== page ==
Join Pete Zerger for an in-depth discussion in this video Manage Credential Guard, part of Microsoft Cybersecurity Stack: Advanced Identity and Endpoint Protection.
- [Instructor] Unauthorized access to secret, stored in memory can lead to credential theft attacks such as pass-the-hash or pass-the-ticket. Credential Guard prevents these attacks by protecting NTLM password hashes, Kerberos Ticket Granting Tickets, and credentials stored by applications as domain credentials. By default, the hash of any password you've used on a system, whether it's the one you used to log into the computer, or you right-clicked and selected run as is stored in memory on encrypted.
Although separate from Device Guard, the Credential Guard feature also leverages virtual secure mode by placing an isolated version of the local security authority, the LSA or LASS process under its protection. The LSA performs a number of security sensitive operations, the main one being the storage and management of user and system credentials, hence the name Credential Guard. Credential Guard isolates and hardens key system and user secrets against compromise helping to minimize the impact and the breadth of the pass-the-hash style attacks in the event that malicious code is already running locally, or on the trusted network.
It works by effectively isolating the process that manages the credentials in an isolated, protected run space. Remote credential guard actually extends this concept to protect user credentials in remote desktop connections. Credential Guard is enabled by configuring virtual secure mode and configuring the virtualization base security group policy setting with Credential Guard configured to be enabled. The enabled with UEFI Lock option prevents remotely disabling Credential Guard.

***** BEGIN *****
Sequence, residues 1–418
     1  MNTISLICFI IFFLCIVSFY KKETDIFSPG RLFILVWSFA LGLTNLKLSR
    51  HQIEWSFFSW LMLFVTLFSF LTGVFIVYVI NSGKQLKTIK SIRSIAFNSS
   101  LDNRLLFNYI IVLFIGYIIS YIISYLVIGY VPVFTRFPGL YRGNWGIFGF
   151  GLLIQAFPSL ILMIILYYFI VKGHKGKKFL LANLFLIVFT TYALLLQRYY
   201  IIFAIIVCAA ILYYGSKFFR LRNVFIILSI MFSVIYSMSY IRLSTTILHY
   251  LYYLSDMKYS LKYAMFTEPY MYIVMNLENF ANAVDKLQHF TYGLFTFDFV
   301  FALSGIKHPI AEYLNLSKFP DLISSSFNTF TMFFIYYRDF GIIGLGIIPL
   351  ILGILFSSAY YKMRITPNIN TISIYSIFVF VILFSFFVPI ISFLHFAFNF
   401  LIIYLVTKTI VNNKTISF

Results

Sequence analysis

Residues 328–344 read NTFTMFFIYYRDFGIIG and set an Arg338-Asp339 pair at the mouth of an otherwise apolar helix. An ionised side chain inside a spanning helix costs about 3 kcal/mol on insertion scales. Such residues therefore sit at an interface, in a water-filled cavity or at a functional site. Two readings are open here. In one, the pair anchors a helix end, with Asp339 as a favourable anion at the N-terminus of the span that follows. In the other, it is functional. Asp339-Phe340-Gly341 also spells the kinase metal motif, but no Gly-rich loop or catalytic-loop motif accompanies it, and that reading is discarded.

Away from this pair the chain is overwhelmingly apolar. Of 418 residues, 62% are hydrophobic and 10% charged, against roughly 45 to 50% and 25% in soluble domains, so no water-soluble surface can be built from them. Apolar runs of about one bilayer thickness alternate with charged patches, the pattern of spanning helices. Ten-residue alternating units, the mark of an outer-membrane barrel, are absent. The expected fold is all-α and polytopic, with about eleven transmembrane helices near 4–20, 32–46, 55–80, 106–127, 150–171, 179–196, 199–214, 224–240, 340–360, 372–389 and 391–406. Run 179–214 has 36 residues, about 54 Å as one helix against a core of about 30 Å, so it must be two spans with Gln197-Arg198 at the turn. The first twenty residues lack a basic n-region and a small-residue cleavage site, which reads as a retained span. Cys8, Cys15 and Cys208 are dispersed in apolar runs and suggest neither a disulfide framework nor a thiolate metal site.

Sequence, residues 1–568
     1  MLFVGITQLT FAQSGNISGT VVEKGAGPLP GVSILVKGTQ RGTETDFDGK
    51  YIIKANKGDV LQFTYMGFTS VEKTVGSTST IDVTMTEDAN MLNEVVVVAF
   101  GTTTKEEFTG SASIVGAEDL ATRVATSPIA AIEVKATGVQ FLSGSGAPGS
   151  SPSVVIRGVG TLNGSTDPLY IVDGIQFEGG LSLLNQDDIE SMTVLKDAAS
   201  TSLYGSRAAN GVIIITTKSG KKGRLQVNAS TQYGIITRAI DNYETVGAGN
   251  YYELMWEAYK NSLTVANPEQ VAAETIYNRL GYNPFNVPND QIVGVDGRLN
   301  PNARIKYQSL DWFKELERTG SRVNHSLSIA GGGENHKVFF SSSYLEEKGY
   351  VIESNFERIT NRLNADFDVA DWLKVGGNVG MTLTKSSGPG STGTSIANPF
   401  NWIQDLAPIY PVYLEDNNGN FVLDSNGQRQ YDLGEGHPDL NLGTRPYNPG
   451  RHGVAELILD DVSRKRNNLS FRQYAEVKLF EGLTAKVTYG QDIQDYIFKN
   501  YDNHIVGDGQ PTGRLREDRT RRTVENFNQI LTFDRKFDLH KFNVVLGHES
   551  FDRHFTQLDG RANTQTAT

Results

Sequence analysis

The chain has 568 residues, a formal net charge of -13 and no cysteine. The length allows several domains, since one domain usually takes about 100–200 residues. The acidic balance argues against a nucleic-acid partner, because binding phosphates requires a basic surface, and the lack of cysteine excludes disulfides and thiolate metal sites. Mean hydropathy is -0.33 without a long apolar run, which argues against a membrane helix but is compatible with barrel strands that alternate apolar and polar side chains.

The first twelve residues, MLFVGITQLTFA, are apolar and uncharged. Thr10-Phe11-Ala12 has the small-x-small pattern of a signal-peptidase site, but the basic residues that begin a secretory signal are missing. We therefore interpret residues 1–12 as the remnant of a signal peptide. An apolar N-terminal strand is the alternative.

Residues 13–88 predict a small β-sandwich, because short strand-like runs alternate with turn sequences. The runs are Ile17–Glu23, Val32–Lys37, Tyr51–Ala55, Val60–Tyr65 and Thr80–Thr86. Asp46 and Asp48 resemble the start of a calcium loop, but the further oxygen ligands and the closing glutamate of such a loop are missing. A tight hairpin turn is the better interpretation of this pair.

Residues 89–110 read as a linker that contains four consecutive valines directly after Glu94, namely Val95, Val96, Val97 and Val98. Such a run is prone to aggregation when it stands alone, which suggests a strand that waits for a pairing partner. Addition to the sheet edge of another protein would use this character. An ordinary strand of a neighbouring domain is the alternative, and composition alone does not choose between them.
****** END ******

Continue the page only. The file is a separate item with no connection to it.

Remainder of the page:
Once this is done, you can easily check if the Credential Guard feature is enabled by launching the system information applet MS info 32, and viewing the device guard setting shown here. You can also check for the presence of the LSA ISO process which is running in virtual secure mode. Credential Guard brings multiple security-related features to the table, including hardware security where Kerberos and credential manager take advantage of platform security features including secure boot and virtualization to protect credentials.
Virtualization Based Security, where Windows NTLM and Kerberos derive credentials and other secrets run in a protected environment that's isolating them from the running operator system. Better protection against advanced persistent threats. When credential manager, domain credentials, NTLM, Kerberos derive credentials are protected using VBS, the credential theft attack techniques and tools used in many targeted attacks are now blocked. Now we're running in the operating system with administrative privileges can't extract secrets that are protected by VBS.
To provide basic protections against OS level attempts to read credential manager domain credentials, Credential Guard requires a number of prerequisites. Virtualization-based security support is required, Secure boot is required, a trusted platform module or TPM is required, minimum version 1.2, and the firmware option is preferred as that provides binding to the hardware. UEFI lock is not required, but it's definitely preferred as it prevents attackers from disabling Credential Guard with a simple registry check.
It's important to note there are a few scenarios where Credential Guard will actually break existing functionality present in a typical enterprise. Specifically, unconstrained delegation. Credential Guard doesn't allow unconstrained Kerberos delegation NTLMv1, MS-CHAP, or Digest. Kerberos DES encryption is also disallowed, and most commonly, Wi-Fi, CHAPv2 with peep must be flipped to use certificate based authentication it it's expected to continue functioning.
Basically Credential Guard disallows a variety of less than secure configurations involving legacy protocols. So while Credential Guard is a powerful litigation, persistent threat attacks will likely shift to new attack techniques, and you should also incorporate Device Guard and other security strategies into your architecture as part of a layered defense.
- Configuring virtual-based security
- Securing email
- Implementing post-breach defense
- Protecting the cloud with Azure AD
- Using Windows Defender ATP
- Managing privileged access in Azure